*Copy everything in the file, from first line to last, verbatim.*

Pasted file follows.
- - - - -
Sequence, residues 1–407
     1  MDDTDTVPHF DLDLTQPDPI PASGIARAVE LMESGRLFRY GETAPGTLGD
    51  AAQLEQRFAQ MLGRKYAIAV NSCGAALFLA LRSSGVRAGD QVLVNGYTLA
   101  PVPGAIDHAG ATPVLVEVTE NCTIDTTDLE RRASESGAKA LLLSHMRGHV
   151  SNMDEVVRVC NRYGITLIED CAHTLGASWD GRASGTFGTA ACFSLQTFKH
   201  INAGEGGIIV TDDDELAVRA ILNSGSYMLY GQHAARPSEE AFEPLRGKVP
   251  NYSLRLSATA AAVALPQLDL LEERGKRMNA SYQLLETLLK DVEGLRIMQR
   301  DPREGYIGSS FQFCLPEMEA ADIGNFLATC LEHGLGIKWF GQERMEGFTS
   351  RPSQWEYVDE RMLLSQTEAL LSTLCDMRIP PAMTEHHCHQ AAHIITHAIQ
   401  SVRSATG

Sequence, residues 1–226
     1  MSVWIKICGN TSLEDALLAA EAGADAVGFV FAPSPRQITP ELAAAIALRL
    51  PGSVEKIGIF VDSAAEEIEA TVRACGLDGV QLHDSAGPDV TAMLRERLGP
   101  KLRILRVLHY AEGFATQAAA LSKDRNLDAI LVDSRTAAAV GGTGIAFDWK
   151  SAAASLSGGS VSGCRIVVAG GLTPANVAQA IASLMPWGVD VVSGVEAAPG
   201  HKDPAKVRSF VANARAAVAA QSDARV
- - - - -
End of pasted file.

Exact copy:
Sequence, residues 1–407
     1  MDDTDTVPHF DLDLTQPDPI PASGIARAVE LMESGRLFRY GETAPGTLGD
    51  AAQLEQRFAQ MLGRKYAIAV NSCGAALFLA LRSSGVRAGD QVLVNGYTLA
   101  PVPGAIDHAG ATPVLVEVTE NCTIDTTDLE RRASESGAKA LLLSHMRGHV
   151  SNMDEVVRVC NRYGITLIED CAHTLGASWD GRASGTFGTA ACFSLQTFKH
   201  INAGEGGIIV TDDDELAVRA ILNSGSYMLY GQHAARPSEE AFEPLRGKVP
   251  NYSLRLSATA AAVALPQLDL LEERGKRMNA SYQLLETLLK DVEGLRIMQR
   301  DPREGYIGSS FQFCLPEMEA ADIGNFLATC LEHGLGIKWF GQERMEGFTS
   351  RPSQWEYVDE RMLLSQTEAL LSTLCDMRIP PAMTEHHCHQ AAHIITHAIQ
   401  SVRSATG

Sequence, residues 1–226
     1  MSVWIKICGN TSLEDALLAA EAGADAVGFV FAPSPRQITP ELAAAIALRL
    51  PGSVEKIGIF VDSAAEEIEA TVRACGLDGV QLHDSAGPDV TAMLRERLGP
   101  KLRILRVLHY AEGFATQAAA LSKDRNLDAI LVDSRTAAAV GGTGIAFDWK
   151  SAAASLSGGS VSGCRIVVAG GLTPANVAQA IASLMPWGVD VVSGVEAAPG
   201  HKDPAKVRSF VANARAAVAA QSDARV